Defending champion and Japanese player shoot a blemish-free 6-under-par 66 at the National Course
Tommy Fleetwood and Hideto Tanihara lead Abu Dhabi HSBC Championship after Round 1
Tommy Fleetwood set the early clubhouse lead on Day 1 in Abu Dhabi, as defending champions would generally like to do.
By the close of play around five hours later, he was still there.
“Very good,” was the Englishman’s take on a first-round 66, 12 months after he closed with a 67 to seal a one-shot victory and ignite his breakout year. “Very stress free.”
His scorecard backed that up. Heading out early on Thursday morning alongside world No 1 Dustin Johnson and the returning Rory McIlroy, Fleetwood opened with a birdie, at the 10th, then reeled off five more before departing the National Course on 6-under par. There was not a single shot dropped.
Only Japan’s Hideto Tanihara matched him late on. A 14-time winner in his homeland but perhaps not necessarily well known to the more casual golf fan, Tanihara’s 66 contained six birdies also and no bogeys either.
Behind the head two lies a posse of five players one shot back, including Ross Fisher, Thomas Pieters and Bernd Wiesberger: three of Fleetwood’s victorious teammates from last week’s EurAsia Cup. Seeking to add a second Falcon Trophy come Sunday to that freshly acquired team title, Fleetwood seemed simply to pick up where he left off in Malaysia.
“Played really well from start to finish,” he said, somewhat unsurprisingly. “Felt like I did what you need to do well around this golf course, which is drive it well, hit your irons. But you can't really be too greedy all the time. Then my pace putting was really good. Just basically did what you need to do to get a good score around the golf course.”
Right in his groove, Fleetwood was freewheeling. He did admit to “getting away” with a tee shot here and there, but recovered sufficiently to hit every green in regulation. As he noted post-round, that doesn't happen very often.
“At one point, I was trying to figure it out,” Fleetwood said. “I couldn't figure out if I missed one or not. It's a good golf course to hit 18 greens around. There's a couple of shots really: seven, the par 3, widest green in the world, so that was kind of a missed green, when I hit it to about 200 foot.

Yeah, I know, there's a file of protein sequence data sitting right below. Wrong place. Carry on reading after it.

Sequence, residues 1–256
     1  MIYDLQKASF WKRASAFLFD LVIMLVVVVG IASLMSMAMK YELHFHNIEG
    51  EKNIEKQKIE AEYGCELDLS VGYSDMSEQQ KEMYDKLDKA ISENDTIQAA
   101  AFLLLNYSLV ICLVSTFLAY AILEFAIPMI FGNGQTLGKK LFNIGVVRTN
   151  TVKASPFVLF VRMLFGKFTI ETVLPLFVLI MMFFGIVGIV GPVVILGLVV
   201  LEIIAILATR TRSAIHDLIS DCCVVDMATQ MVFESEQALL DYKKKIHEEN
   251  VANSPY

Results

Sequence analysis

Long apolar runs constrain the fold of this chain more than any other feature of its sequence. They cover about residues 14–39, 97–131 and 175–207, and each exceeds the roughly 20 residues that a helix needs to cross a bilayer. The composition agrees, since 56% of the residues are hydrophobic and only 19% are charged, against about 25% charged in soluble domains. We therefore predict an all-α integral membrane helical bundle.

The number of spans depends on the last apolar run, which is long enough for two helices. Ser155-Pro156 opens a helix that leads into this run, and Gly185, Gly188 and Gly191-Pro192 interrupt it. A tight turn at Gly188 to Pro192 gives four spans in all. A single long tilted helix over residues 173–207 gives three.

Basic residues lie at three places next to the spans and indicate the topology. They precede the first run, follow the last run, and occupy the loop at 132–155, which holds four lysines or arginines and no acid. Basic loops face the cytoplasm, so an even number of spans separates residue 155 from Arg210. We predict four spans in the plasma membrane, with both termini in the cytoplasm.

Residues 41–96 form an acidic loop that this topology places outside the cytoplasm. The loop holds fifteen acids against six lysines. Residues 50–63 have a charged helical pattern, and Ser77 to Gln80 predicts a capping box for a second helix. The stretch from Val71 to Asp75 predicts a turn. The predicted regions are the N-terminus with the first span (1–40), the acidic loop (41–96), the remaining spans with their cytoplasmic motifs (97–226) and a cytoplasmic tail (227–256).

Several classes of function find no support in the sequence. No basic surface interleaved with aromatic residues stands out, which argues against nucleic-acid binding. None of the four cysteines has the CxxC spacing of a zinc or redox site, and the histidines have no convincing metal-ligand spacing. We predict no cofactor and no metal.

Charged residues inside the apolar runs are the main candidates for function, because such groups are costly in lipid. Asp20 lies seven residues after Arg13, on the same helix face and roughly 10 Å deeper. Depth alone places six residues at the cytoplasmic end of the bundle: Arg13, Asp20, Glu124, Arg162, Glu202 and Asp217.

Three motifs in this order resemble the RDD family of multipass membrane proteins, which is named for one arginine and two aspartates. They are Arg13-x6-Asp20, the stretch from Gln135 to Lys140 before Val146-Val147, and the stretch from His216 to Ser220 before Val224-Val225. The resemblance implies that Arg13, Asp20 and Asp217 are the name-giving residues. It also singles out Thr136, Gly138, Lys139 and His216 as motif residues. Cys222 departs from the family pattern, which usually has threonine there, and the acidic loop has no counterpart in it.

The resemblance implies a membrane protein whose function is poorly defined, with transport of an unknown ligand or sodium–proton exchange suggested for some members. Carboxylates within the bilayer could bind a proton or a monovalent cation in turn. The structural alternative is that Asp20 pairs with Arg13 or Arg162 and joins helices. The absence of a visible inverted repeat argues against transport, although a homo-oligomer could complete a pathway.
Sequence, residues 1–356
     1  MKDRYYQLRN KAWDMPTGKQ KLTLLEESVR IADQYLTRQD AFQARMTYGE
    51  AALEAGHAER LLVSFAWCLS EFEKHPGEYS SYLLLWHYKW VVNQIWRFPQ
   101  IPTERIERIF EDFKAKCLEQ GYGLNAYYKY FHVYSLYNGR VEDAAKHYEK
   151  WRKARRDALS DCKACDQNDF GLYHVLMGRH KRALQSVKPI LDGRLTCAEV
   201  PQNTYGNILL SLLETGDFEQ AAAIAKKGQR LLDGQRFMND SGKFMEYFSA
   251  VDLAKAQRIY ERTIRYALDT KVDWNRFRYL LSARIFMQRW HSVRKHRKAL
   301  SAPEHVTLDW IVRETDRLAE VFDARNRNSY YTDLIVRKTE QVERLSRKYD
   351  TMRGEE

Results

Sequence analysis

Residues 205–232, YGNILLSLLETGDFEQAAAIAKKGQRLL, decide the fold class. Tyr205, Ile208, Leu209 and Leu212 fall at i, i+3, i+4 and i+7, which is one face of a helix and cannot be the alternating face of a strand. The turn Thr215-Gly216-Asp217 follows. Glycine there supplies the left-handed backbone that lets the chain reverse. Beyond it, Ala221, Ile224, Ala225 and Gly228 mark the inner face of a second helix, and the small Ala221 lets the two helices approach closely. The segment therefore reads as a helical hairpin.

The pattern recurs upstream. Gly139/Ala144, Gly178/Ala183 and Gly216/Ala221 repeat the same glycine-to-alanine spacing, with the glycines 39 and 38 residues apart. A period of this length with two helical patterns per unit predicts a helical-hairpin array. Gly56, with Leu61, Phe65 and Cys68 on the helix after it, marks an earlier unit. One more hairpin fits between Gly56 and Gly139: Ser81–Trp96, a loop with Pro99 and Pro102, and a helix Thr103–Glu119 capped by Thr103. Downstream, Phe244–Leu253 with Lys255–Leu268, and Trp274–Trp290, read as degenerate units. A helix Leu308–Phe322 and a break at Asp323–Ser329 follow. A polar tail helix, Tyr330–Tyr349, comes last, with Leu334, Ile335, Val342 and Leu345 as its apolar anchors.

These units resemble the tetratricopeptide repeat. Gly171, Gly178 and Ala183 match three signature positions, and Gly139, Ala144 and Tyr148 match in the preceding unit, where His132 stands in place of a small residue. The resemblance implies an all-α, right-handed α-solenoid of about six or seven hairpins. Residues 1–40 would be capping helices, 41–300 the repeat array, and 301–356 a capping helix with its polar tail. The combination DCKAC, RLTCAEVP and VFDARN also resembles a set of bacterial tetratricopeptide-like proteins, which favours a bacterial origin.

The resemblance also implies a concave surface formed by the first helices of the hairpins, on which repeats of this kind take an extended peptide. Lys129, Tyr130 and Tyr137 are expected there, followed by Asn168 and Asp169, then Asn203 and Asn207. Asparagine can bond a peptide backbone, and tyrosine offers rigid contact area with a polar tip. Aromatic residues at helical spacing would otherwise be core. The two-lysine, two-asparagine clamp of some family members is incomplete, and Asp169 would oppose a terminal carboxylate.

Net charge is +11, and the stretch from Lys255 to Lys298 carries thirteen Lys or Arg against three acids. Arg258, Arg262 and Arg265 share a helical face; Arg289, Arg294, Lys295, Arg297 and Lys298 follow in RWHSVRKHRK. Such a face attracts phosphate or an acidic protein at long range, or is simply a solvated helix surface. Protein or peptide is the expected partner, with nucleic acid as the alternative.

“But just a good ball-striking round and nice to start the year off like that.”
Tanihara probably felt the same. He is competing in only his second season on the European Tour, buoyed by a steady debut campaign in 2017. Last March, he made waves by reaching the semi-final of the WGC-Dell Technologies Match Play, where in his group he defeated Jordan Spieth.
Eventually, Tanihara was knocked out by Johnson, who had climbed to world No 1 a few weeks previously. On Thursday in Abu Dhabi, the American posted an even-par 72. Defeated back then in the Texan desert, among the sands of the UAE Tanihara was six shots better.
“I didn't make any bogeys,” he said. “That's the key today. It's a tough course here. Didn't hit the fairways so much, but I'm thinking more about playing smart golf and making good putts.”
It remains early days, but Tanihara is seeking to some day in the near future to match compatriot Isao Aoki, who triumphed on Europe’s main circuit almost 35 years ago. Why not this week?
“Aoki, he won on the European Tour, and I'm just trying to focus on winning on the European Tour,” Tanihara said.
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